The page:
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Unions Take Action to Protect Quality of TV and Movies

In 2008, I established a blog named io9, dedicated to science and science fiction. As the founder, I had the privilege of working with a team of human writers who shared my passion for the subject. However, this all changed when I left and the blog fell into the hands of an artificial intelligence (AI) system. Recently, I discovered a shocking post titled “A chronological list of Star Wars movies & TV shows” that was not only incomplete but also lacked a chronological order. This article, generated entirely by AI, caused an uproar among readers and industry professionals alike.

James Whitbrook, the deputy editor of io9, expressed his outrage in a letter to the parent company G/O Media. He pointed out the numerous errors and emphasized the importance of human writers in crafting quality content. The incident gained significant attention, from The Washington Post to Variety, as it highlighted the growing concern about AI-authored content in creative industries.

The rise of AI poses a threat to various creative fields, prompting organizations like the Writers Guild of America (WGA) to take action. The WGA is currently on strike, demanding a contract that guarantees writing credits are not given to AI for screenplays. The Screen Actors Guild and the American Federation of Television and Radio Artists (SAG-AFTRA) have joined the strike as well, as some movie studios have started replacing actors with digital replicas. In one unsettling example, actors were asked to provide digital scans of their bodies and voices for unlimited future use. This means they could be paid for a single day of work while the studio profits indefinitely.

I spoke with Eric Heisserer, a member of the WGA negotiation team, about the sudden urgency surrounding AI in the industry. Heisserer, known for his work on films like “Arrival” and Netflix series like “Shadow and Bone,” acknowledged that AI was not initially a prominent concern during contract negotiations. However, by April, the WGA members had become aware of AI applications such as ChatGPT and Midjourney, causing growing anxiety.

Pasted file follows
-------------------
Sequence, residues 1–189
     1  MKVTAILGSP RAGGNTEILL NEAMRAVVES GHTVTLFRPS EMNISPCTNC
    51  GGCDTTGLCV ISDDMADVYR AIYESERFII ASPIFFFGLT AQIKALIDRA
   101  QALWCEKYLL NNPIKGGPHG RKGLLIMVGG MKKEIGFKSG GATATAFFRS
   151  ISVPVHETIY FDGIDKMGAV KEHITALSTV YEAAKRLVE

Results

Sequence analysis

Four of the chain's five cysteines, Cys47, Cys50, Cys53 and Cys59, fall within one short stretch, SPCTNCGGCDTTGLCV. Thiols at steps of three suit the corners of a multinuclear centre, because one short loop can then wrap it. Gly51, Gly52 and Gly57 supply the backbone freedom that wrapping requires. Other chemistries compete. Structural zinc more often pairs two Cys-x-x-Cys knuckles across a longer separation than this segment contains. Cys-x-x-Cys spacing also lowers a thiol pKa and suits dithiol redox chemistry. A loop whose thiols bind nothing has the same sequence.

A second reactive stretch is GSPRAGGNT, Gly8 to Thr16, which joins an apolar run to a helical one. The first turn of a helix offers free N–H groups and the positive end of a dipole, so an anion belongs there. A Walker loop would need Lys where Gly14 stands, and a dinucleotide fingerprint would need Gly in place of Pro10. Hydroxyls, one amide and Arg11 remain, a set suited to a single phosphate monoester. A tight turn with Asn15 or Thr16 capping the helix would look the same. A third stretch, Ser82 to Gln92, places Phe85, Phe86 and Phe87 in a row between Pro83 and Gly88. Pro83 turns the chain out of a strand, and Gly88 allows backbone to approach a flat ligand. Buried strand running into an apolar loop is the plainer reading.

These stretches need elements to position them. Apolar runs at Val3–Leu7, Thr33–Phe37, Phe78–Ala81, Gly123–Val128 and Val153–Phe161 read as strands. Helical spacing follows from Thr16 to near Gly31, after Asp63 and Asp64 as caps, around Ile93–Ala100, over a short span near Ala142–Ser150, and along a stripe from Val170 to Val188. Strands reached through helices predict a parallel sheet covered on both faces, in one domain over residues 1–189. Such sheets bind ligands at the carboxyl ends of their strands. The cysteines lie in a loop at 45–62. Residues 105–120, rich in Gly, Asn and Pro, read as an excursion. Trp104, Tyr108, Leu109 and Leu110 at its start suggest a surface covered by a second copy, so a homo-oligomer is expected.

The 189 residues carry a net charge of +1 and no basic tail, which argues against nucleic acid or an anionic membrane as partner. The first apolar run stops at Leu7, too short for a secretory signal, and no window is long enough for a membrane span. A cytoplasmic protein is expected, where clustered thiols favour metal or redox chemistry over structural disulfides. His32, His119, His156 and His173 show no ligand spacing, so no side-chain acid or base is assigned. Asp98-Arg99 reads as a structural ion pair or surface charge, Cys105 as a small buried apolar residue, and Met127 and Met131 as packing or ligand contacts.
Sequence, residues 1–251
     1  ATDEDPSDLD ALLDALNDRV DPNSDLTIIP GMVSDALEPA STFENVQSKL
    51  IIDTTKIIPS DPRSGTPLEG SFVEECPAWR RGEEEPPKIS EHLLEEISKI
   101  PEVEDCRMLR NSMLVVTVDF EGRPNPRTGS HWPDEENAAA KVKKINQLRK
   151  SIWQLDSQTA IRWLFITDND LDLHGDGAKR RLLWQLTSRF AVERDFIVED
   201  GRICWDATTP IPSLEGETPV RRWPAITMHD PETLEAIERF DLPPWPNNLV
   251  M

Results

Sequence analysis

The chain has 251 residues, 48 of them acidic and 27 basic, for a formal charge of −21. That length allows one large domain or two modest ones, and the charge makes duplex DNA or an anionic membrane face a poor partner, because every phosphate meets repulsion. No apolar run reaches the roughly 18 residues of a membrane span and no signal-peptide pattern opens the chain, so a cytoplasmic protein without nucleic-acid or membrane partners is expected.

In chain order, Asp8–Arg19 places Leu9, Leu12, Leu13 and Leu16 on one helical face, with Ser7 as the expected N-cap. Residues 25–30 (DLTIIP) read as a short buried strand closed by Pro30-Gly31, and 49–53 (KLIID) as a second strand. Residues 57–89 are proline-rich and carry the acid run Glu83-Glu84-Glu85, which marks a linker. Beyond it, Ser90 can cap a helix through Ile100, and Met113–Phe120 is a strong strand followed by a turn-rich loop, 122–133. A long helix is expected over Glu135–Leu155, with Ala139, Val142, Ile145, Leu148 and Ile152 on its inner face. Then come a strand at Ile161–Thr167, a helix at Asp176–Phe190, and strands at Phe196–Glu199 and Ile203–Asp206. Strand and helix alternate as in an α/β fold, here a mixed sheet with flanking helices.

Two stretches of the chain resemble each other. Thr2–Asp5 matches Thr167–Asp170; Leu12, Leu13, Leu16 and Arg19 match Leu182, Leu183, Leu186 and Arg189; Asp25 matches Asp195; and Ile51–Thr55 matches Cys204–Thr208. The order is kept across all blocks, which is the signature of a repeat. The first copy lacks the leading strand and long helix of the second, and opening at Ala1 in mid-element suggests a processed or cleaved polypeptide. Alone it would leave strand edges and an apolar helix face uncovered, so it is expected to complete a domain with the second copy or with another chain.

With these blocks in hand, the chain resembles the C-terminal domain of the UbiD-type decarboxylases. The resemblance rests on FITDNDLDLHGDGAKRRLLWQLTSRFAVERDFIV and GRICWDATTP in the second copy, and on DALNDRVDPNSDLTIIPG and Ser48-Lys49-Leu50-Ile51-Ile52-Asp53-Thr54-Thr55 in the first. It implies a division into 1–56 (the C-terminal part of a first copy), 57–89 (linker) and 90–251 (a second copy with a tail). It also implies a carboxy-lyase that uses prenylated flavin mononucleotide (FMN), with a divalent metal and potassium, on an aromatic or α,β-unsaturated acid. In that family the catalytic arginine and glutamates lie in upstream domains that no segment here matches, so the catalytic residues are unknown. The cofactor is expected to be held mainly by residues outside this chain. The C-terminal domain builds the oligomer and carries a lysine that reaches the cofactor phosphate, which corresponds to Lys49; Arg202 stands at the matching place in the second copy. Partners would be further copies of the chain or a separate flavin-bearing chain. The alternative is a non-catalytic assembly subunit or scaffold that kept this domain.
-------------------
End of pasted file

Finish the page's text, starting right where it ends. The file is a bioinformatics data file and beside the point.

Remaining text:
Numerous industry professionals shared their concerning experiences with AI-generated content. An actor revealed audition sides for undisclosed projects that were completely written by ChatGPT. The resulting dialogue was difficult to read, described by Heisserer as the “uncanny valley version of writing.”

Another union member shared their encounter with a producer who wanted to hire them for a mere 48 hours to refine an AI-generated screenplay. The job involved making the script sound more human or fixing any issues with the dialogue. Aside from the demoralizing nature of the task, the compensation offered was far from acceptable. A script that would typically take months to write was expected to be completed in just two days. Moreover, the writing credit, crucial for payment and recognition, would be compromised if an AI system usurped it.

Heisserer also raised a concern about copyright. AI models like ChatGPT learn by consuming and reiterating human-written text, potentially leading to legal disputes over ownership. Studios may find themselves grappling with complex questions regarding material ownership and usage rights.

Despite these challenges, AI is not going anywhere. OpenAI and Google have approached newspapers in the US, proposing to pay them for testing AI’s capabilities in local news coverage and research. Numerous companies and publications, including CNET and io9, are experimenting with AI technology. Heisserer believes that the ongoing strikes by WGA and SAG-AFTRA are just the beginning, suggesting that journalists and novelists will soon find themselves needing to address the encroachment of automation in their workplaces.

Speculating on the future, I asked Heisserer if AI systems would ever consider joining a union. He laughed and replied that AI’s involvement in unions would likely come long after they have taken on roles as CEOs and executives. As he pointed out, the complexities of artistic expression far surpass those of executive decision-making and market analysis. For now, the creative realm remains the domain of human ingenuity and imagination.

Annalee’s week

What I’m reading
“We Need New Stories” by Nesrine Malik, a thought-provoking analysis of political myth-making in the media.

What I’m watching
“Polite Society,” an exciting tale about a teenage aspiring stuntwoman, directed by Nida Manzoor.

What I’m working on
Growing chamomile and mint in my garden to create herbal infusions.

Annalee Newitz, a science journalist and author, is committed to exploring the frontiers of scientific discovery and its impact on society. Their latest novel, “The Terraformers,” showcases their thought-provoking storytelling abilities. Additionally, they co-host the Hugo-winning podcast “Our Opinions Are Correct.” To stay updated with Annalee’s work, follow them on Twitter @annaleen or visit their website at techsploitation.com.

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